How to cut the cost of moving house

The housing market may be rocky, with predictions that we're heading for a double dip, yet the cost of moving remains high adding further pressure to house movers and first-time buyers alike.

The true cost of moving can add a huge chunk to an already expensive purchase, so here's our guide to cutting the cost if you're planning a move this year.

Estate agents versus selling online
The key to keeping costs down when you're selling property is to remember that agency fees are negotiable, so never accept the first price offered. Shop around local agents, ask for quotes and use the best ones to bargain with. Remember that while price is important, in the current market more than ever, it is vital to employ an agent that is going to work hard to shift your property for the best price. Pay attention to turnover levels and get recommendations if you can. Watch out for contracts that lock you in and prevent you from using more than agent if you choose to later.

If you want to avoid the cost of estate agents altogether, consider going it alone to market your property online. Private property sales websites, such as House Web and Property Broker allow you to advertise your property to a wide audience. Such sites offer a range of services, from a basic advert with a photo and description for as little as £47, through to packages with more exposure and a 'for sale' board from £129 to £199.

Industry regulations mean these sites can only advertise your property, so you will need to do everything else from writing the description, taking photos, dealing with enquiries and viewings, and negotiating with potential buyers. If you've got the time and energy for this, it's a great way to cut the costs of selling.

Solicitors fees
Solicitors' fees vary enormously, but you'll generally pay more when buying a house compared with selling one due to extra legal steps involved in the purchase process. Solicitors tend to use one of two charging structures – either a fixed fee or a percentage of your homes value. When buying expect to pay anywhere from £400 to £1,000, plus around £200 in search fees and a land registration fee which can cost up to a further £400. If you are selling a property as well, add on another £300 to £700.

Legal issues aren't a place to cut corners and going for solicitor purely based on cost could end up costing more stress, time and money in the long run, so shop around as much as you can. Be very wary of the super cheap firms that may be promoted on internet search engines – try to get personal recommendations and visit the Law Society website to find reputable firms.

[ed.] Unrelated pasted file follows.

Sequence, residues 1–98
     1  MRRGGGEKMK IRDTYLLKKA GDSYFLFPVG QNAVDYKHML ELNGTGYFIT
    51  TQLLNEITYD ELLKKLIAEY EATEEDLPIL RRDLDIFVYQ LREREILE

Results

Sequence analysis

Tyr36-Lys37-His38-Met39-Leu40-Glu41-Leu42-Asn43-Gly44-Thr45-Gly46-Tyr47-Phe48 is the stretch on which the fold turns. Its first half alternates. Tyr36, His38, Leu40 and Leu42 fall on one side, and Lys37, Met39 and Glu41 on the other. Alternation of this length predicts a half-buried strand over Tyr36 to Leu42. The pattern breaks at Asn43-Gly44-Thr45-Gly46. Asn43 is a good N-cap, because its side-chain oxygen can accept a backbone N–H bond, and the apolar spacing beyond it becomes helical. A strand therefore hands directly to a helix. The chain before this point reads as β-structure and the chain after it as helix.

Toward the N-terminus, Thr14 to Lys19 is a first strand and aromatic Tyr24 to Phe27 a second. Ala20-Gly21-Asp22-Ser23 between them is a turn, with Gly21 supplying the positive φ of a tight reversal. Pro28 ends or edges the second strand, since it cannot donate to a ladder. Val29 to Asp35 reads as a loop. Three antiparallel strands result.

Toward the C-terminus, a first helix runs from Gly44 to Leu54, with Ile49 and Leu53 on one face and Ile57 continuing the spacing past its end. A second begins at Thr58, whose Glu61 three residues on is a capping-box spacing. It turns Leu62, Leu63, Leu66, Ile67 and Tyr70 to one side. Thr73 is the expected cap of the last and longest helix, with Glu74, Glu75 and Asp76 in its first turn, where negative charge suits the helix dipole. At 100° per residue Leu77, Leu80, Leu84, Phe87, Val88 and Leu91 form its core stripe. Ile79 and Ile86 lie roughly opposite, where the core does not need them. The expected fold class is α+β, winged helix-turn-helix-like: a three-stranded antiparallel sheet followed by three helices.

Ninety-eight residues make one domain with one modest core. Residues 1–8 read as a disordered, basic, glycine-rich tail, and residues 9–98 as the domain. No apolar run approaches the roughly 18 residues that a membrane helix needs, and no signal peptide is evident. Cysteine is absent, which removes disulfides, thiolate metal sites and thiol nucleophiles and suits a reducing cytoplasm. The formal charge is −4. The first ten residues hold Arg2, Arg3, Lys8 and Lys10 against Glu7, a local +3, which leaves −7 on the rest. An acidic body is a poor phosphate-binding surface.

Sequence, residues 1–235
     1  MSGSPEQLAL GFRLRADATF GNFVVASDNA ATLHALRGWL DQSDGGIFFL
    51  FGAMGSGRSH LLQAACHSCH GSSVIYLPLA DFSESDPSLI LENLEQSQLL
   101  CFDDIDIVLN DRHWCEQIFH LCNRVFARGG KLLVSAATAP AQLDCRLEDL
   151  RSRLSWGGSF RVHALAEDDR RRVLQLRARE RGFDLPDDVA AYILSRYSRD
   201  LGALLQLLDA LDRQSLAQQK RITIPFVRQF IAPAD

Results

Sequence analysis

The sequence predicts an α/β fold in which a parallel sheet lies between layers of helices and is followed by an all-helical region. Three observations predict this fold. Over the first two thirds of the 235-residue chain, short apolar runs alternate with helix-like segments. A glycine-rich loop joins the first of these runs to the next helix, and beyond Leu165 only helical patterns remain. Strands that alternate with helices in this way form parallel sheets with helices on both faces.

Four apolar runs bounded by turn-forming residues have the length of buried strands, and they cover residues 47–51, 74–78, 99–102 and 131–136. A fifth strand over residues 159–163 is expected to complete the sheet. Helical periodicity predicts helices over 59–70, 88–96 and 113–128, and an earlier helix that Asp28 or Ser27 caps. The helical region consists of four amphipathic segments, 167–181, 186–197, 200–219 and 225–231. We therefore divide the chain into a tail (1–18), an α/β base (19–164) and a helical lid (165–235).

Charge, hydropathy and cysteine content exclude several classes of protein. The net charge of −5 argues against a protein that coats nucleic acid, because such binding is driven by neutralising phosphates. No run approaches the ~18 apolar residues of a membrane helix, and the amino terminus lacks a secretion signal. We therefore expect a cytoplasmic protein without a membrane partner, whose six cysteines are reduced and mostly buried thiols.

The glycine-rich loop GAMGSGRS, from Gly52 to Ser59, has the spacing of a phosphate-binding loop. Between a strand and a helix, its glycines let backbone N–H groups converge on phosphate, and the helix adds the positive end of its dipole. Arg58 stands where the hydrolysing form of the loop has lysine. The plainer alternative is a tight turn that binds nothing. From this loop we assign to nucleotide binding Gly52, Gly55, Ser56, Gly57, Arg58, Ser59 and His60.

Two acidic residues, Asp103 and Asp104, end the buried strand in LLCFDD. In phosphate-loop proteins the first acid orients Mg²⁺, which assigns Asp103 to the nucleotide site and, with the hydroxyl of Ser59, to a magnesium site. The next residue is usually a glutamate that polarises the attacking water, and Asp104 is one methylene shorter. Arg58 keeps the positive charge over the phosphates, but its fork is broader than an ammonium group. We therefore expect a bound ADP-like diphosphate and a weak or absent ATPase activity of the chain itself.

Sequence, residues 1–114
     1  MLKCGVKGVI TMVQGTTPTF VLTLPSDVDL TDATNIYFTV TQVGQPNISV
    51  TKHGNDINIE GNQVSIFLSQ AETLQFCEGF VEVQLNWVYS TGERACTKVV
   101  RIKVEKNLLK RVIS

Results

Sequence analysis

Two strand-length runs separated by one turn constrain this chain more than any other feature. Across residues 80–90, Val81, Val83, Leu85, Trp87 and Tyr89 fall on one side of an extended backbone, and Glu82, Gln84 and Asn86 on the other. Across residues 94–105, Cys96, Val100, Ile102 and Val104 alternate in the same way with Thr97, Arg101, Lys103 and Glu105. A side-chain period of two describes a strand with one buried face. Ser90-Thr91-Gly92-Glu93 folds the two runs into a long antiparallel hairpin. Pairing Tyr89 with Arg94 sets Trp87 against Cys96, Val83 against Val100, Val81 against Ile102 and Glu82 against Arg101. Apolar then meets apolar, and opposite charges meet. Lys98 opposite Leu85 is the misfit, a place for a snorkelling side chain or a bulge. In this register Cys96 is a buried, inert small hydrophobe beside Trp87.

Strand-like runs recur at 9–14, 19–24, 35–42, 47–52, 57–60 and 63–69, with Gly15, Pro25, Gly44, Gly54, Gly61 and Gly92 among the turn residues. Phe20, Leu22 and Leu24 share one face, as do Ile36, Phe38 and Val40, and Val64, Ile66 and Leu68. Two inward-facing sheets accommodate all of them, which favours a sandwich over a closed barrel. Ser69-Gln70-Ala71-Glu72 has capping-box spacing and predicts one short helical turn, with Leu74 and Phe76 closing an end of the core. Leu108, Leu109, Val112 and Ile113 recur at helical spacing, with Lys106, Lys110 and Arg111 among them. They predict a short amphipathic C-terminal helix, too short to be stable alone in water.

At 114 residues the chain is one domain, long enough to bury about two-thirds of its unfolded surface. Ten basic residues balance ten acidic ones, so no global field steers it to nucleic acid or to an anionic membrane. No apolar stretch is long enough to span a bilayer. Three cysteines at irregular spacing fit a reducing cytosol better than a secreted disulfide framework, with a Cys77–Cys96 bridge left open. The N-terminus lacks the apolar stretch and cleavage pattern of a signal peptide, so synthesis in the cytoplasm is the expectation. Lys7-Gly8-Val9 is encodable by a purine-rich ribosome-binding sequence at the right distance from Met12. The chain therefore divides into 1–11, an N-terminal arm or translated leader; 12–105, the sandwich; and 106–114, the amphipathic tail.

Mortgage Costs
Repaying your home loan with interest for 25 five years isn't the only financial hit, you have to pay your lender for the privilege too. When shopping around, either alone or through a mortgage broker, look out for the mortgage arrangement fee, valuation fee and exit or 'early repayment charge' that will be applied if you choose to switch or sell before the end of a deal.

These charges vary widely between lenders and deals, but it's the arrangement fee that will affect the initial cost of your mortgage. You'll notice that fee-free deals tend to have higher interest rates, whereas the higher the fee, the lower the interest rate. Weigh up the costs and check there's no higher lending charge (HLC) if you are borrowing a high percentage of the property value.

Valuation fees are unavoidable and expect to pay from around £175. This is purely to ensure the property is correctly valued, so you'll need to factor in full survey costs on top.

Surveyor's costs
A homebuyer's report carried out by a surveyor will highlight any serious defects; and a full structural survey provides a detailed report on the property's construction - both will provide recommendations and costs to put right any problems.

Either level of survey could save you a huge sum in the long run, particularly in older properties. The results could also may provide a negotiating tool to haggle on price. Surveyors' fees vary but as a guide a homebuyer's report starts at around £300 and full structural surveys at £500. Search for reputable surveyors from the Royal Institute of Charted Surveyors.

Removal costs
Several factors will determine the cost of removal, including area, distance, day of the week and how much stuff you have. Avoid moving on Fridays, especially around Bank Holidays and the end of the month as removal firms often charge a premium on these days.

Have a thorough sort out and de-clutter before you move home to avoid paying for delivery of stuff you don't actually need or want, and make some extra cash by selling unwanted furniture, homewares and kitchen equipment on eBay. Be upfront about how much needs moving, as firms may charge more if they need to bring in another van on the day of the move.

Shop around for removal quotes and choose a firm that is a member of the British Association of Removers (www.bar.co.uk). If you decide to go for DIY removal, consider that while it could be cheaper you still need to factor in your time, van hire, petrol, stress, and unforeseen hassles such as injury and damages.

Many removal firms will offer extra insurance cover, but check your home contents policy before accepting as you may be covered for any damage sustained during the move.
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